As Wilczek mentioned, you do not have to be a physicist in order to appreciate the beauty of the laws of nature. But he does say it is an exciting time to be a physicist, due to the fact that all these exciting ideas that are coming out. And that experiments at the Large Hadron Collider (LHC) may be able to show whether the ideas are correct or not. This lecture was given in 2008 and the LHC was due to come online in a year from that time.

Wilczek has a book called, The Lightness of Being: Mass, Ether, and the Unification of Forces: Anticipating a New Golden Age — and this is also title of the lecture.

In the lecture, Wilczek showed us some pictures of the LHC from the inside as well as from a birds-eye-view. Although you cannot really see much from the bird’s-eye-view since the collider is underground. What is important is that Wilczek explains what the LHC does, and a little on how it works, and how it is important to physicists. He even played a clip of the LHC rap video song. He stopped the video halfway, since although the first part of the video is scientifically correct, the second part gets it wrong.

Another video that he showed was what apparent empty space looks like at a microscopic level with its quantum fluctuations.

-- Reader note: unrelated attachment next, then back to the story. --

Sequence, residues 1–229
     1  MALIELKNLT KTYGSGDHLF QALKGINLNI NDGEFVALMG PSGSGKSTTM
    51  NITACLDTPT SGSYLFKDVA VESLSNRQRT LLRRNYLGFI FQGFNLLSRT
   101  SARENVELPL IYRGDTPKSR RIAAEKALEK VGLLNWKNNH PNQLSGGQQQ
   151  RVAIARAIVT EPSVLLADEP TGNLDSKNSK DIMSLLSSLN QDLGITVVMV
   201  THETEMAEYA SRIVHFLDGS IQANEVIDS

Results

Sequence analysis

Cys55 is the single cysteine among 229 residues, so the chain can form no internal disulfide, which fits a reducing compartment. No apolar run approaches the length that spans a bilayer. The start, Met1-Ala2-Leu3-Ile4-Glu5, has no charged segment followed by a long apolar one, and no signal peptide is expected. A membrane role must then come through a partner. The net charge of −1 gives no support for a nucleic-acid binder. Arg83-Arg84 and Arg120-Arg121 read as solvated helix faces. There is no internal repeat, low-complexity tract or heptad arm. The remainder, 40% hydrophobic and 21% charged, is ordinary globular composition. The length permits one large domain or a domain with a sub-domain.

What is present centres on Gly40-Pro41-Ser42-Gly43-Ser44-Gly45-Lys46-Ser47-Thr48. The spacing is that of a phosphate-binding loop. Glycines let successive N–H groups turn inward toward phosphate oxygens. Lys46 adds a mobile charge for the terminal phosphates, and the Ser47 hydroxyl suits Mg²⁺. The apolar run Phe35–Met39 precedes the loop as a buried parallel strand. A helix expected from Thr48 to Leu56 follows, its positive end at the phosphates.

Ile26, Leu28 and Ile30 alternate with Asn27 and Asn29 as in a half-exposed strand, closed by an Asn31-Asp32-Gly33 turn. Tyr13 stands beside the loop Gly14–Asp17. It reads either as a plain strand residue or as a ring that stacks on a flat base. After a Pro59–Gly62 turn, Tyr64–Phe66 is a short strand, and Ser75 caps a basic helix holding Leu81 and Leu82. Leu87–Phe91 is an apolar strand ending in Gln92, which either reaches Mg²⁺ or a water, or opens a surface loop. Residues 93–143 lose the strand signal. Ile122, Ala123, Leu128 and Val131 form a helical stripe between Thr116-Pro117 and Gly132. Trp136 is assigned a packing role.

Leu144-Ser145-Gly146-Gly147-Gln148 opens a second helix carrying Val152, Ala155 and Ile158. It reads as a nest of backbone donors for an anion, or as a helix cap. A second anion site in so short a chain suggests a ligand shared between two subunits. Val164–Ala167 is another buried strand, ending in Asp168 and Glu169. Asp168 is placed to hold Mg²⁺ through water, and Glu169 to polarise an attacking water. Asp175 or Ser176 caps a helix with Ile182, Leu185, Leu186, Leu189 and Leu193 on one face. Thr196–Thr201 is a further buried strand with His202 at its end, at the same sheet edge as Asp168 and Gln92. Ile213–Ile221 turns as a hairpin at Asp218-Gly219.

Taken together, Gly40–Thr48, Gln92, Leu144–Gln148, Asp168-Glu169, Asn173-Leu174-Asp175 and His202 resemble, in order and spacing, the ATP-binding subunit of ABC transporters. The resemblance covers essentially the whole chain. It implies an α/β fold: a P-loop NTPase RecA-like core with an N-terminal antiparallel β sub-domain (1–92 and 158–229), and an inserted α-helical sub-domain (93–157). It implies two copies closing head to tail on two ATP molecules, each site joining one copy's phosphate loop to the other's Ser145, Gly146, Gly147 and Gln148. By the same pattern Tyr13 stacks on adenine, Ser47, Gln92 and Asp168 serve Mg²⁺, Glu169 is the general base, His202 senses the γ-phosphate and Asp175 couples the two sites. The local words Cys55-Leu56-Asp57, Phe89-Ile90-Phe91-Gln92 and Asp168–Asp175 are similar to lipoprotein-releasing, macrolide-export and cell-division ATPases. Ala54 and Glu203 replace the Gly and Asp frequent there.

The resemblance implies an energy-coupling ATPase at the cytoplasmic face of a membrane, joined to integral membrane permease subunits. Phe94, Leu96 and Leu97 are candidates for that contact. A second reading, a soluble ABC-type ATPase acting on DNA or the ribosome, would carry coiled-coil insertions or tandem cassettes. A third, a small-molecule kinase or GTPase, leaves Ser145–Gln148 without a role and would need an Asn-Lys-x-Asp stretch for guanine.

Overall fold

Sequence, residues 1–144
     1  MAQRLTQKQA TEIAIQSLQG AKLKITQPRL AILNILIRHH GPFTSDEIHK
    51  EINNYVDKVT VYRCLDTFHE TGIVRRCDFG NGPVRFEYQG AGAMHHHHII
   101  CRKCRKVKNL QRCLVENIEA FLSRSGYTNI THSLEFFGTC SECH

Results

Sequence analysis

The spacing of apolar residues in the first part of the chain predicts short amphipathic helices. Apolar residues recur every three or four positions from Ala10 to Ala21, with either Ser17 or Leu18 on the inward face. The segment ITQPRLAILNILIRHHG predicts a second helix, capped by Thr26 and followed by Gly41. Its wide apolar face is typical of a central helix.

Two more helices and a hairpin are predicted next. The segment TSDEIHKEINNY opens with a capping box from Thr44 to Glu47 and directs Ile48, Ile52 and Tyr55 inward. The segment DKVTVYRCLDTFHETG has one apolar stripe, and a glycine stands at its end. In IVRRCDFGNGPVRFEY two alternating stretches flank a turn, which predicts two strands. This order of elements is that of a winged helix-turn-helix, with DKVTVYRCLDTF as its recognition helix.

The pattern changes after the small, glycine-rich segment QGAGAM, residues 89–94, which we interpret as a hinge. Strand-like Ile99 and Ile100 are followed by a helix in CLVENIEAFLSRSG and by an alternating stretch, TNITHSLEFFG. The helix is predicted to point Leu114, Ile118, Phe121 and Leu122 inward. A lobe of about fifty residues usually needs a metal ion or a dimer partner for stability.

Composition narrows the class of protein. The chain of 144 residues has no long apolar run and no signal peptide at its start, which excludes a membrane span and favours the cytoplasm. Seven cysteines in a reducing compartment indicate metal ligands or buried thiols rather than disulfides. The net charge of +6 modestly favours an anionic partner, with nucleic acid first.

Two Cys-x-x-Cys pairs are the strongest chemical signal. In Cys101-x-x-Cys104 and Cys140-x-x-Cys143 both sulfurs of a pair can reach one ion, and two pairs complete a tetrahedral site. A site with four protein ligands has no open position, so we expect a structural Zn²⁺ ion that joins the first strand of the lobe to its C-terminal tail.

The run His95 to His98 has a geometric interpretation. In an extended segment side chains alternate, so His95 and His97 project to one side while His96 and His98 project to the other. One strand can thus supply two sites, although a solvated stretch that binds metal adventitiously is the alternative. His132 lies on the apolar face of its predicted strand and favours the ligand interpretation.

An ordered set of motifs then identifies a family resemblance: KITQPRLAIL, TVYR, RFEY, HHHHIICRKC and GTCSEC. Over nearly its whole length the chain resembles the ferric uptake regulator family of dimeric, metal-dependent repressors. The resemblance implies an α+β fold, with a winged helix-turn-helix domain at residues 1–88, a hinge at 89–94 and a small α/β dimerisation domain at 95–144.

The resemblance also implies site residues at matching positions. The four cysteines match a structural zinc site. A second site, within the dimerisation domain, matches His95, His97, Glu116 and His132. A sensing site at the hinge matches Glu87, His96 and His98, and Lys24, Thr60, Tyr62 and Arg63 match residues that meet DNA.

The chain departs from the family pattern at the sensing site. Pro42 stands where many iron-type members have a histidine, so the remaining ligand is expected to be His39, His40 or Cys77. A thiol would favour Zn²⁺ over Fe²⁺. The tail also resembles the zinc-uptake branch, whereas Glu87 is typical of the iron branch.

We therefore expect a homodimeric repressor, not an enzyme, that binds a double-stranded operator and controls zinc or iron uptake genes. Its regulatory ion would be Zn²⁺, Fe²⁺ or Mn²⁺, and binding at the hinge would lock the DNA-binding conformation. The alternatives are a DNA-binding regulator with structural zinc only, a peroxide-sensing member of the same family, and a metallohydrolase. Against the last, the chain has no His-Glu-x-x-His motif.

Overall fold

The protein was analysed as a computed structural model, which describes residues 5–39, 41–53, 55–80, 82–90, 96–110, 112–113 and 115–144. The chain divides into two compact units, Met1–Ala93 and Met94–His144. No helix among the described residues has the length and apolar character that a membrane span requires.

At the end of the lecture, there was time for Q&A. He answered a question about the Higgs particle and also explained briefly about dark matter and dark energy. He explained that matter as we normally think of it comprised only 5% of the mass of the universe. That dark energy comprises around 70%. Dark energy is uniform across all space so it’s kind of a medium of space. Here is an article explaining what the universe is made out of.

Frank Wilczek did win the Nobel Prize in physics in 2004 along with David Gross and David Politzer for discovery of asymptotic freedom in the theory of the strong interaction.


Frank Wilczek Autobiography

Frank Wilczek website

Funny Video About Men and Women’s Brains by Mark Gungor

Watch excerpt on YouTube »

YouTube linked here has a hilarious video by Mark Gungor telling us the difference between men and women’s brain.  Funny and perceptive too. More of his humor in his DVDs, Tale of Two Brains and Laugh Your Way to a Better Marriage

Mark Gungor does marriage seminars and his website is

For more funny videos, visit his YouTube channel.

Scientists Unearth Gigantic Ant Colony

Watch an excerpt from the documentary “Ants! Natures Sceret Power” as scientists excavate an ant colony. This was done by pouring concrete into an abandoned ant colony and then excavating away the earth. This reveals an incredible an efficient structure that has highways and sideroads. The ants had to remove 40 tons of dirt in order to build this structure.

WATCH VIDEO on YouTube »

In another different ant colony that was not abandoned, scientists measure the air coming into and out of the ant tunnels and determined that it is analogous to an air-conditioned system where there are different shafts for incoming fresh air and outgoing carbon dioxide air.